First, practice what you want to say in advance, where and when you will say it. The more prepared you are for the conversation, the less likely it is that it will degenerate into an argument. Next, spend some time thinking about how you feel and take responsibility for your own feelings. Feelings are emotions–not accusations. “I feel sad” is different from “you disappoint me.” Identifying and stating your feeling can help the other person to empathize with you because we have all felt sad, afraid, or angry. Then, identify what you need. Needs are universal. All of us need food, water, air, and shelter, but we all also need connection, meaning, autonomy, and a sense of well-being. Again, if you can articulate your need, it is more likely the other person will relate to you, rather than rally against you. Finally, make your request.

Here’s an example. After practicing and deciding that right after work, while the children are out of the house and they won’t be interrupted, a wife approaches her husband. “I would like to talk for a minute, if now is a good time?” Getting agreement, they sit down at the table together. “I have been feeling irritable lately because I have a need for intimacy. I am wondering if you would be willing to schedule two nights or days each week with me that we could have time alone, without the children, to reconnect physically?” There is no guarantee that her request will be met, but it could begin an honest conversation that will help them both to clarifying more deeply what they each need from their relationship.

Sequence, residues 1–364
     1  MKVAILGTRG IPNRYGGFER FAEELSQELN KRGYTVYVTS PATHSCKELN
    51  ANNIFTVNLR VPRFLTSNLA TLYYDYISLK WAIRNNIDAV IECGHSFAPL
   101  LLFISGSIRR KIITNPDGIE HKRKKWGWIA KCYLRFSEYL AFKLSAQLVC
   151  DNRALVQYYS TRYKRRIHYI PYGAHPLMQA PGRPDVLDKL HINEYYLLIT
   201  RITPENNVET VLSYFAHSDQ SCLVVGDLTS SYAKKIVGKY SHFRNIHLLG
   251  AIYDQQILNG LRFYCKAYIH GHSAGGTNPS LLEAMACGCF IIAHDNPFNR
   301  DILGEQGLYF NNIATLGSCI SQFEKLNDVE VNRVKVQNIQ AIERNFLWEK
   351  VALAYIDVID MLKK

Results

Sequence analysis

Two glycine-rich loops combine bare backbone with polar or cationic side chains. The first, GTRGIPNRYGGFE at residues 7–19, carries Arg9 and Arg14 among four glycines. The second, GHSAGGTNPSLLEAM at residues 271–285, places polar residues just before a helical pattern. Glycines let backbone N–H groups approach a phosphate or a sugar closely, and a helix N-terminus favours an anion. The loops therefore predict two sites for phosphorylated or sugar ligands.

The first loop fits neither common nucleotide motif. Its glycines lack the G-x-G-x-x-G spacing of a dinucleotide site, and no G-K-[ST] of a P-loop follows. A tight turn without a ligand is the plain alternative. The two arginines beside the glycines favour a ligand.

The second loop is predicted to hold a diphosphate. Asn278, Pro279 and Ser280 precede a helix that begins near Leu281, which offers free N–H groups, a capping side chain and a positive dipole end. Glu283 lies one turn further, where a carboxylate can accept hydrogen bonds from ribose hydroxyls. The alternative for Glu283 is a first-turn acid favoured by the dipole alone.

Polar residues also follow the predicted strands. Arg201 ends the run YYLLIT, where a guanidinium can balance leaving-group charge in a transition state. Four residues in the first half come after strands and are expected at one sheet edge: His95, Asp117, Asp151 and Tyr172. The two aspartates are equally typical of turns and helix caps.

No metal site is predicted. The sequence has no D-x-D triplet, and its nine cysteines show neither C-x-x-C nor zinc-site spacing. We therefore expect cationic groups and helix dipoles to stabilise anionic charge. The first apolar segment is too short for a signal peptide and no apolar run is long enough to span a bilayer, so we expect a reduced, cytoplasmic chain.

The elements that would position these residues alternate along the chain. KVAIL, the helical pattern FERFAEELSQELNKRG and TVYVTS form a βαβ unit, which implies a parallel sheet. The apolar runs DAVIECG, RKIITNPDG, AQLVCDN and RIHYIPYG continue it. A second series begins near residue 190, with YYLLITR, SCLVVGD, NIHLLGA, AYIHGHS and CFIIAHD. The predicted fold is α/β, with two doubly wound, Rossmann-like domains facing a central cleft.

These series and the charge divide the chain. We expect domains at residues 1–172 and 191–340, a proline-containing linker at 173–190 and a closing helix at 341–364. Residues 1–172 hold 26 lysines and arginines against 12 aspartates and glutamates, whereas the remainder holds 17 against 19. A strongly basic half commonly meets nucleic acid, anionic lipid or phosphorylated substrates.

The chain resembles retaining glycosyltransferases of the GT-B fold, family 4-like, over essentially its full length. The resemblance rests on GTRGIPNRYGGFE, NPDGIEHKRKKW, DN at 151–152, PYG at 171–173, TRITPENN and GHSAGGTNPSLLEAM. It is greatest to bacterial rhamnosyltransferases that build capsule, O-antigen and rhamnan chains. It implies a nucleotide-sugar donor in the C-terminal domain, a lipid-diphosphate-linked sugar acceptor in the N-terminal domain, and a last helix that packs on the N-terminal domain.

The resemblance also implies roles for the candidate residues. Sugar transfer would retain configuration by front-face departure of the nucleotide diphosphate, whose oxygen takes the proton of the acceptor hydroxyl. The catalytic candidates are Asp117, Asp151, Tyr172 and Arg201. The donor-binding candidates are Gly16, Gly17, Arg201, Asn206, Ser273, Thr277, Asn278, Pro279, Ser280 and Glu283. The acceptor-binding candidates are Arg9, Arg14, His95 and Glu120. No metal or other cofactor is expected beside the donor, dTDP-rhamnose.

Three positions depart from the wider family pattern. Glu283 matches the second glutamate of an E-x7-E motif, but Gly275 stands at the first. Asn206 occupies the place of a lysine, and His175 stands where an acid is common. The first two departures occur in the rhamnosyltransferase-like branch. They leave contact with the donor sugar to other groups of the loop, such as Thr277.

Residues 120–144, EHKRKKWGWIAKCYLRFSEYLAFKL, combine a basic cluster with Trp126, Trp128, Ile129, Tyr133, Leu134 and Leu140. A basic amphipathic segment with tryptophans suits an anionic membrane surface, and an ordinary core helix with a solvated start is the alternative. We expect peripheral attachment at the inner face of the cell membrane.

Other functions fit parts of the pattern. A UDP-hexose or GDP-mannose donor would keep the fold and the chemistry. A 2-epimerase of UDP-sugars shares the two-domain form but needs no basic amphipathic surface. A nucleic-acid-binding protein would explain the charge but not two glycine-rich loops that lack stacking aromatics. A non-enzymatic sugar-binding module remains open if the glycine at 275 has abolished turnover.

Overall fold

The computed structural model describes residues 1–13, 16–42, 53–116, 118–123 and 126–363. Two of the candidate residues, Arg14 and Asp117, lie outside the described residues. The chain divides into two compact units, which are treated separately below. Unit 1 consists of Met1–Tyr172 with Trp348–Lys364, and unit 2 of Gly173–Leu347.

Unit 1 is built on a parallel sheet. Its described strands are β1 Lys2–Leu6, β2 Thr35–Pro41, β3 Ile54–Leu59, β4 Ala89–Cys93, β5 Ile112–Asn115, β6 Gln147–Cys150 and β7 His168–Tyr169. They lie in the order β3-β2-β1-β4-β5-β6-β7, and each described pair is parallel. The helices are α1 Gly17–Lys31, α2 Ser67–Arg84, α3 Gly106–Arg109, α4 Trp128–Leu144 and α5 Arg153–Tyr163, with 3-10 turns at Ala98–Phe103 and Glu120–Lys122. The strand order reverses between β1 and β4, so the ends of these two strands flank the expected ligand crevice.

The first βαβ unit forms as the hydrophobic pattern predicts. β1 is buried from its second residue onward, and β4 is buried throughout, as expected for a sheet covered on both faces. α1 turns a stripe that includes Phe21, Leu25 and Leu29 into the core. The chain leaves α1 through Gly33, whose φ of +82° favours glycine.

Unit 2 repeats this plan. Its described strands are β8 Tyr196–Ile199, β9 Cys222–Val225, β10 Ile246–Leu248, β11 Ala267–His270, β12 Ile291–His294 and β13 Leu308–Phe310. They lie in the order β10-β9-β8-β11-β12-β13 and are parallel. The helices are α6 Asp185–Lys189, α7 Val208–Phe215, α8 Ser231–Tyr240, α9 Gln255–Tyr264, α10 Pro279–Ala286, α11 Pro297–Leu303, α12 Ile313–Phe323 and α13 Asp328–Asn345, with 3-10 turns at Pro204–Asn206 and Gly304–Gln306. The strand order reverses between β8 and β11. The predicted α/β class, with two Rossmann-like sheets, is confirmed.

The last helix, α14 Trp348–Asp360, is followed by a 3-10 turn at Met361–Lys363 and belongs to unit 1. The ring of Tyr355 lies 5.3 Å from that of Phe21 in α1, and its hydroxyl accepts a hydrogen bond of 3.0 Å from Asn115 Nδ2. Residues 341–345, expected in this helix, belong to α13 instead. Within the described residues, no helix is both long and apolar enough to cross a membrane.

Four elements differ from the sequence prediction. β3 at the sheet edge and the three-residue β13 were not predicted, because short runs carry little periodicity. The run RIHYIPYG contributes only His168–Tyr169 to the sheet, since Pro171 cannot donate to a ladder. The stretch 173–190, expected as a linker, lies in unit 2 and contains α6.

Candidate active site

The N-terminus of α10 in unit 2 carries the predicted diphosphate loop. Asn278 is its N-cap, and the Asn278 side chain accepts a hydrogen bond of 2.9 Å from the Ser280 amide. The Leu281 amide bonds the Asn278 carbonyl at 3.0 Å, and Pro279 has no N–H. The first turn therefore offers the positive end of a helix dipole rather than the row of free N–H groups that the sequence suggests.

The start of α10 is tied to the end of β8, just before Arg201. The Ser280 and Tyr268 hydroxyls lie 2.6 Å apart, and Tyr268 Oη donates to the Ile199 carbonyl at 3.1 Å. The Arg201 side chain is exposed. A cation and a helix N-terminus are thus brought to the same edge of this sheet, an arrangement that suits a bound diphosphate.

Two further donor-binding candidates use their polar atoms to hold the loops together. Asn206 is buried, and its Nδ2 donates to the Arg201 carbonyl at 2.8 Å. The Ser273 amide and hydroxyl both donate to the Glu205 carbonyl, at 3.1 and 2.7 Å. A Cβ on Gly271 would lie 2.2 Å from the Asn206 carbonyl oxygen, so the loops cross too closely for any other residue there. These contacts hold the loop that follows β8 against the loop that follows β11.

To learn more about these techniques, you might want to read Non-Violent Communication: A Language of Life, by Marshall B. Rosenberg, Ph.D. You can also contact a mediator who can help you facilitate an honest conversation that might feel to difficult to have on your own. Mediators offer support and help to manage strong emotions as they arise. For more information, email info@mediaitonctr.com or call 585-586-1830.